Friday, 21 December 2012

Christmas at the Shrine

Went over to the New Africa Shrine last night to catch Femi Kuti and band one last time before the Holidays. It was one of the looser sets I've witnessed. Femi came out at about 8:00 PM without much fanfare and joined the band on trumpet. It was the first time I've seen any of the hornmen solo while Femi was on stage; he usually reserves all the solo space for himself and the horn section serves solely as backup. Both the baritone player and tenor man Dotun “Dotsax” Bankole took long solos last night while Femi climbed the riser at the back of the stage and played trumpet with the section. He then did some time on soprano sax but didn’t touch his alto at all, nor his rarely-heard tenor. The first half hour was more jazzy and improvisatory than usual but then segued into some of Femi's more recognizable tunes like Dem Bobo, which in Pidgin means something to the effect of “they deceive” (Dem bobo your mama, dem bobo your papa, in the name of democracy….). 

I did my Christmas shopping at the Shrine and picked up a nice Fela singlet. Won’t be finding one of those down at the local mall. I'm off for Penang via Dubai tonight.

Saturday, 15 December 2012

Some Astounding Tenor Playing

I've been listening to the Mosaic 7-CD box set The Complete Blue Note Andrew Hill Sessions 1963-66 on my iTunes and have been astounded by the saxophone playing on these records. Not new to my ears, but hearing this all in one place has made me sit up wide-eyed and take notice. On these records, pianist Andrew Hill’s small groups featured three of the most astonishing tenor saxophonists ever – Joe Henderson, John Gilmore, and Sam Rivers – pretty much defining “Inside-Outside” playing. All the more astounding considering these recordings were made while John Coltrane was still alive, knowing that Coltrane’s sound and approach has so dominated post-60’s tenor saxophony.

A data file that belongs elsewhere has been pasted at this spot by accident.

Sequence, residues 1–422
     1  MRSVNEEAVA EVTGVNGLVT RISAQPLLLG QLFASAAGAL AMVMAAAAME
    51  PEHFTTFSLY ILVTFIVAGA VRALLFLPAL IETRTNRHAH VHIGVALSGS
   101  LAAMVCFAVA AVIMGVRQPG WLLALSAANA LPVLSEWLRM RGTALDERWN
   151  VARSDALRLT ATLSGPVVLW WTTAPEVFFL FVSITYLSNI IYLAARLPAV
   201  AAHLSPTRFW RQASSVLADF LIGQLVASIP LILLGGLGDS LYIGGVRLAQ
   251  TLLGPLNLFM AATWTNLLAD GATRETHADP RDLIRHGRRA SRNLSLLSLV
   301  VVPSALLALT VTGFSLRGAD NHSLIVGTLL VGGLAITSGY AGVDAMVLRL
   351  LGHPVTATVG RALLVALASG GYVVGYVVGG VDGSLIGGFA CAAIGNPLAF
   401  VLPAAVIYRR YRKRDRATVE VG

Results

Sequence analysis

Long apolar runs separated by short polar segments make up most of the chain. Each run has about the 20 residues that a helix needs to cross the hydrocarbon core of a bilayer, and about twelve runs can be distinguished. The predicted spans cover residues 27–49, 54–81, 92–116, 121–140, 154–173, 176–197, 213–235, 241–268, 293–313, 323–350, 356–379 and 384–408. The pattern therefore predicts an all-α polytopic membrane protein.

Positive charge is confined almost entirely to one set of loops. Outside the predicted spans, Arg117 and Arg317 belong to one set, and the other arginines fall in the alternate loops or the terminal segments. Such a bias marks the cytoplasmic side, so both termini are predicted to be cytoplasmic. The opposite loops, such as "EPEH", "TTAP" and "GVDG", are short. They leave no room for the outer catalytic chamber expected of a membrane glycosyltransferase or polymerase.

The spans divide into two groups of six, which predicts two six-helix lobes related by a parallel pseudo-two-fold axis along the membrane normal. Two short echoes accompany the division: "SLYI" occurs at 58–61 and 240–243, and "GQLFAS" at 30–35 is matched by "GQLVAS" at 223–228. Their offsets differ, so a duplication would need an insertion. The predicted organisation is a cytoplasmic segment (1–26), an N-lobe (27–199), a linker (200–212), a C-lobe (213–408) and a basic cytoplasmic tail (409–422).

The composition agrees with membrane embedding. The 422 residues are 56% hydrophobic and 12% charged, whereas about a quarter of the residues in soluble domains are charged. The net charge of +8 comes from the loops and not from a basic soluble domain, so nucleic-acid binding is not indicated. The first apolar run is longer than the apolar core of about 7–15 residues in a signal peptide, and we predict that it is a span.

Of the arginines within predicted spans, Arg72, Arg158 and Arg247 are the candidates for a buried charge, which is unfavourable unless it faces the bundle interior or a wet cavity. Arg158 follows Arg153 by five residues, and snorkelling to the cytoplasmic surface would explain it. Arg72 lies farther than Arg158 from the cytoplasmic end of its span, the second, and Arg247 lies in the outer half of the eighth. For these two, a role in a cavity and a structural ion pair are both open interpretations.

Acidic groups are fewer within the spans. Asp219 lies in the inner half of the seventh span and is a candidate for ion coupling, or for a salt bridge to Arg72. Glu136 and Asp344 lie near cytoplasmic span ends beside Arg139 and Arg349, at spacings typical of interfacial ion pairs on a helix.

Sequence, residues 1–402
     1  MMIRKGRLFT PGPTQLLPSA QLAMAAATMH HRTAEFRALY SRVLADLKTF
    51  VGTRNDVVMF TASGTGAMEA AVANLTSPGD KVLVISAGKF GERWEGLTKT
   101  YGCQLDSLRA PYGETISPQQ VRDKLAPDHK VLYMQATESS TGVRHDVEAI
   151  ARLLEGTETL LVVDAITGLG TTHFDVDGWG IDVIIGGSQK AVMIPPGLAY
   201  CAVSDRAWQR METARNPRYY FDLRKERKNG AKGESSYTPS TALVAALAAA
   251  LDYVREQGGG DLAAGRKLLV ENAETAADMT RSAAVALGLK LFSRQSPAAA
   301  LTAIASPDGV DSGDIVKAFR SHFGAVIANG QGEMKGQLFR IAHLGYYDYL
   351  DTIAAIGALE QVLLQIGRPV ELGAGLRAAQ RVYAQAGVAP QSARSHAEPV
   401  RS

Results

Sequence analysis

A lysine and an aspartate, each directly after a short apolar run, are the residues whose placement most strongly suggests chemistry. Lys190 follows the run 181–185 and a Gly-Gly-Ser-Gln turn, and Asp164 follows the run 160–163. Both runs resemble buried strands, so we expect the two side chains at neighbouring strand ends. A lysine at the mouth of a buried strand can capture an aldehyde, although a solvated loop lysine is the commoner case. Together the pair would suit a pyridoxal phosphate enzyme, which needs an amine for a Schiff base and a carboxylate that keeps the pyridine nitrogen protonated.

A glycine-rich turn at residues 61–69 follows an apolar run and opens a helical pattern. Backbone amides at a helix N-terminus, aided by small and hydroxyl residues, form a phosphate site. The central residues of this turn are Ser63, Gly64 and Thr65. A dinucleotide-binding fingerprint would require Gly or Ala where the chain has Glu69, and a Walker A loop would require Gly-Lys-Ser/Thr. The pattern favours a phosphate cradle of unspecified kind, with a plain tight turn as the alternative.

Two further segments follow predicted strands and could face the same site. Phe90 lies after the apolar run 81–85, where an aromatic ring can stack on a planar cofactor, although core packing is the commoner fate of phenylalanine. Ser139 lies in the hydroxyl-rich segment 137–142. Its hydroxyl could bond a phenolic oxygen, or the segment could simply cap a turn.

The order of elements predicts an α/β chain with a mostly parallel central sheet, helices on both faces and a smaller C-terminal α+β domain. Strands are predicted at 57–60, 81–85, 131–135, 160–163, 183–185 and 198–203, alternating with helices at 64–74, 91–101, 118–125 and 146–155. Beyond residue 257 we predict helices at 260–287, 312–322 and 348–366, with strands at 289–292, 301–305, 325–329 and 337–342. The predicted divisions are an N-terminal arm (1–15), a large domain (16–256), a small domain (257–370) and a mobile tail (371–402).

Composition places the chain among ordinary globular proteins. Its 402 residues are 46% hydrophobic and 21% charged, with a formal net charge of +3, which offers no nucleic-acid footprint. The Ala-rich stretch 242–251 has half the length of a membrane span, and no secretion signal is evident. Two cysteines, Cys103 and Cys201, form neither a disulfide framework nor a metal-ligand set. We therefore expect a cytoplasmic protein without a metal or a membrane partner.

Rudy Van Gelder’s recordings, which set a high quality benchmark, bring the sound to life, sounding as fresh as if recorded this morning although going on fifty years old. It really says something about the level of Andrew Hill’s musicianship that he was able to attract these three as sidemen. It is nearly impossible to sustain this level of creative intensity and although Andrew played some superb music and was much recognized and awarded later in life, his subsequent recordings never again reached this pinnacle. 

Joe Henderson – the small, introverted man with a big sound – is the best known of the three saxophonists and by far the most widely heard. Personally I took his playing for granted when younger since he could be heard on so many mid-60’s Blue Notes, and I didn't really appreciate him until I saw him perform on the Grant Park main stage at the Chicago Jazz festival back in the mid-1990’s. Somehow seeing him live made me understand the connection between the man and the sound and I have listened to every note of his I can find since then. The paradigm of inside-outside playing. 

John Gilmore – Sun Ra’s tenor saxophonist for more than two decades – to the best of my knowledge never recorded a date as a leader (although he co-led 1957’s Blowin’ In From Chicago with Clifford Jordan). All the more surprising considering that he is someone that John Coltrane looked up to for inspiration and innovation during Trane’s spirit-searching days of the early 60’s. He can be found here and there as a sideman outside of his prolific recordings with Sun Ra’s groups – notably on Paul Bley’s Turning Point, McCoy Tyner’s Today and Tomorrow on Impulse and even on one Art Blakey and the Jazz Messengers session. Here is a video of that session on YouTube – Gilmore in a conservative business suit and Lee Morgan sporting a really bad haircut. 

Sam Rivers – one year departed at this point and still under-recognized. Sam’s own mid-60’s Blue Note sessions are a peak of tenor saxophone playing on their own – the final CD in the Andrew Hill box was in the can when originally recorded and first released under Sam Rivers’ name in the 1970’s as part of a “two-fer” LP – Sam was at a peak of recognition at that time. Sam had played with Miles Davis for a short while prior to the Andrew Hill session, in Miles’ band after George Coleman and just before Wayne Shorter. Sam recorded on Miles in Tokyo and the more recently released Kyoto sessions from the same 1964 Japan tour. To me, these sessions sound better than Miles in Berlin from the next year with Shorter on tenor, but apparently Sam was too wild even for Miles! Maybe too advanced at the time. 

Get hold of the Andrew Hill box on Mosaic if you can, or any of the individual Blue Note CDs if you can’t find the box. The saxophone playing on these mid-1960’s sessions has never been surpassed.